Food Poetry: SouthSick

_The intersection of food and poetry is a natural one: both are subjects that concern themselves with experience, memory, sense, and self. We've asked some of our favorite poets from around the world to share works that fuse the poetic with the edible. _ See a gallery of last year's food poems »

Peaches
Katie McBride

SouthSick
by Sia Shin

i'm aching to go home, home, home
where the canopy trees will welcome my return
like lines of silent soldiers crossing swords held high,
as i take the twists and turns of road by fading memory.

where the air is heavy and thick and wet,
as ice in sweet tea melts in tall glasses that sweat.
where the honeyed light is golden and hazy,
like a beer poured fresh or a whiskey sipped lazy.

where the dogwoods bloom demure and white,
where the azaleas riot in pink and purple, loud and bright.
where the men, young and old, call me miss and ma'am,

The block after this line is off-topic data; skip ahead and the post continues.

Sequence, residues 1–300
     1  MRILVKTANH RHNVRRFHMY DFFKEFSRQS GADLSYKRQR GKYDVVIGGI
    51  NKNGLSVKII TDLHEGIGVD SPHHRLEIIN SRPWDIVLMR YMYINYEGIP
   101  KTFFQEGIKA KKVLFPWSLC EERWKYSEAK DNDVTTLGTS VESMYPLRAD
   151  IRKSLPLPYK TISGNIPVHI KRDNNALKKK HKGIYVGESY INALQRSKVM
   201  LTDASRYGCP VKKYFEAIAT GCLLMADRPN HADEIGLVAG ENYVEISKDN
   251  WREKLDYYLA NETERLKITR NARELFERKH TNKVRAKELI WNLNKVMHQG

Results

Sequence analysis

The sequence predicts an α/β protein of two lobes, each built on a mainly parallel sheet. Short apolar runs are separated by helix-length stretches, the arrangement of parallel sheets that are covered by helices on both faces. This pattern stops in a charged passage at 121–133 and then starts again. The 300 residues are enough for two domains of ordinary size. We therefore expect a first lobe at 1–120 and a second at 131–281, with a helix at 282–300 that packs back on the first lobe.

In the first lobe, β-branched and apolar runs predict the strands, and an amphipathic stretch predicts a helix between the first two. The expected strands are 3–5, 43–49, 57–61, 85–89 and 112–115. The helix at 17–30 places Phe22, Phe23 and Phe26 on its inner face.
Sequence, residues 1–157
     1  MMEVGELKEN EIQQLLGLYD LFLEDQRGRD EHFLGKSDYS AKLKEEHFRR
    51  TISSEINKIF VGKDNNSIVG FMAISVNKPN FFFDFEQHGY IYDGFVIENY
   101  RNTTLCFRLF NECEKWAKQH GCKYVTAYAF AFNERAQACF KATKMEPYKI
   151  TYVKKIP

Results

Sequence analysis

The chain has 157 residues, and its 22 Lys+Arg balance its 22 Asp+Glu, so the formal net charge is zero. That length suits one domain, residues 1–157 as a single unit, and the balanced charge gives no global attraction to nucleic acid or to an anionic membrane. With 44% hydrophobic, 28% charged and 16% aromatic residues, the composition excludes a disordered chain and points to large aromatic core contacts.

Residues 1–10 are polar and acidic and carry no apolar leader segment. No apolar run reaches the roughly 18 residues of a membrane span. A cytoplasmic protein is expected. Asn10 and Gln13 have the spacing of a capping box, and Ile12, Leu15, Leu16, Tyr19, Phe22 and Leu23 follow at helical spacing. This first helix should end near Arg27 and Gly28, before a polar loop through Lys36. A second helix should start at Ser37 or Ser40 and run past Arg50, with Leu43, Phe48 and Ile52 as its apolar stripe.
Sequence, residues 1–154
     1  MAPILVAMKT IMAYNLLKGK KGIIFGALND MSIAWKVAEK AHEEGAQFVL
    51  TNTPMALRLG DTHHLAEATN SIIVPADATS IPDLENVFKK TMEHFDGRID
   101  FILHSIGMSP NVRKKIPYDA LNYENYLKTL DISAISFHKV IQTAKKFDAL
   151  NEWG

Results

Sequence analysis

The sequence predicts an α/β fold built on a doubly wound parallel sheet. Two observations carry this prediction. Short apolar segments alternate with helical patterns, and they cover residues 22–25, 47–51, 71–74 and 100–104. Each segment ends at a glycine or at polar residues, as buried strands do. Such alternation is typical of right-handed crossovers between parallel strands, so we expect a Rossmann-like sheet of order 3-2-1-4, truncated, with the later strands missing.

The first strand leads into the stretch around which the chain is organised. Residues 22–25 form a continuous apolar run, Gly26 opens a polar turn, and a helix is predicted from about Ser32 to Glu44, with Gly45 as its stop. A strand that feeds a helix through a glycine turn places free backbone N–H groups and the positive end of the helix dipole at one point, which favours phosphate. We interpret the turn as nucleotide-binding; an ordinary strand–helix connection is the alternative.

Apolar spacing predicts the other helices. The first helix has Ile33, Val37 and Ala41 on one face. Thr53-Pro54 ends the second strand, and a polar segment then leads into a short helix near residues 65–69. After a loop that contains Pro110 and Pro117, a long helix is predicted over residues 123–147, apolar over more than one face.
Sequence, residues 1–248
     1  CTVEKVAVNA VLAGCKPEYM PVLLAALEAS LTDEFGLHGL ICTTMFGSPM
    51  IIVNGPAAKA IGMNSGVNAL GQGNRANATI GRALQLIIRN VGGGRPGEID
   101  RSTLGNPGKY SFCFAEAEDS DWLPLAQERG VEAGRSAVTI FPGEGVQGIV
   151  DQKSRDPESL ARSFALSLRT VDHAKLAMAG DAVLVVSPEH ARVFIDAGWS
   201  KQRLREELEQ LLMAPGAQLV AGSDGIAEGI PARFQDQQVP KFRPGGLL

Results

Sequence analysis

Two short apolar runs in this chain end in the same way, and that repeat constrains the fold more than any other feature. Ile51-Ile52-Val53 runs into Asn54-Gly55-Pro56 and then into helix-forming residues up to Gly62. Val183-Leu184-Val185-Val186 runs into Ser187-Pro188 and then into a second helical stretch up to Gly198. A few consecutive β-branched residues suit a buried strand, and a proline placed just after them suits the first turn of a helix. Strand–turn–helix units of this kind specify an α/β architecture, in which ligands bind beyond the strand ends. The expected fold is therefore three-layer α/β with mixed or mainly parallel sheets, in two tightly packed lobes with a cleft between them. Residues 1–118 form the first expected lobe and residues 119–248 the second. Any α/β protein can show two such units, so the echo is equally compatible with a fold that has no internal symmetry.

where the ladies say 'my word!' and the gals, 'hot damn!

where the peaches are picked that morning
and sold by the road in paper sacks
from the dusty beds of old blue trucks.
a growing boy's warm cheek to the touch,
they're a grown, ripe woman in the mouth,
sweet juices running down the chin,
from hand to elbow too.

where southern pines standing straight and tall reach for heaven,
where live oaks stretch wide and arc to span the earth,
their branches draped with spanish moss that sways like haunted spirits
dripping downward, the way to hell.

where the red dirt roads give way to brackish swamps and tidewater marshes,
where fish and fowl beckon from growth so dense,
where i slurp oysters raw and peanuts boiled
from their salty shells.

where i wade into a sea so clear yet technicolor blue and green
and dig my toes into sand like dixie sugar, fine and white,
and smear some sunblock, panama jack, not nearly enough,
so i still get burned in my bikini top
and cutoffs and flip-flops and baseball cap.

where i find barbecue at night that's been smoking all day since dawn,
chicken and ribs (some beans and greens too),
and watch the sun set slow and late in summertime —
home, home, home.

A reluctant New Yorker for over a decade, Sia Shin is an ex-pat Southerner at heart. After coming of age on the Florida-Georgia line, she received her A.B. from Harvard College in Modern Visual Culture. The irrepressible spirit of her dog Tad inspires her life and work.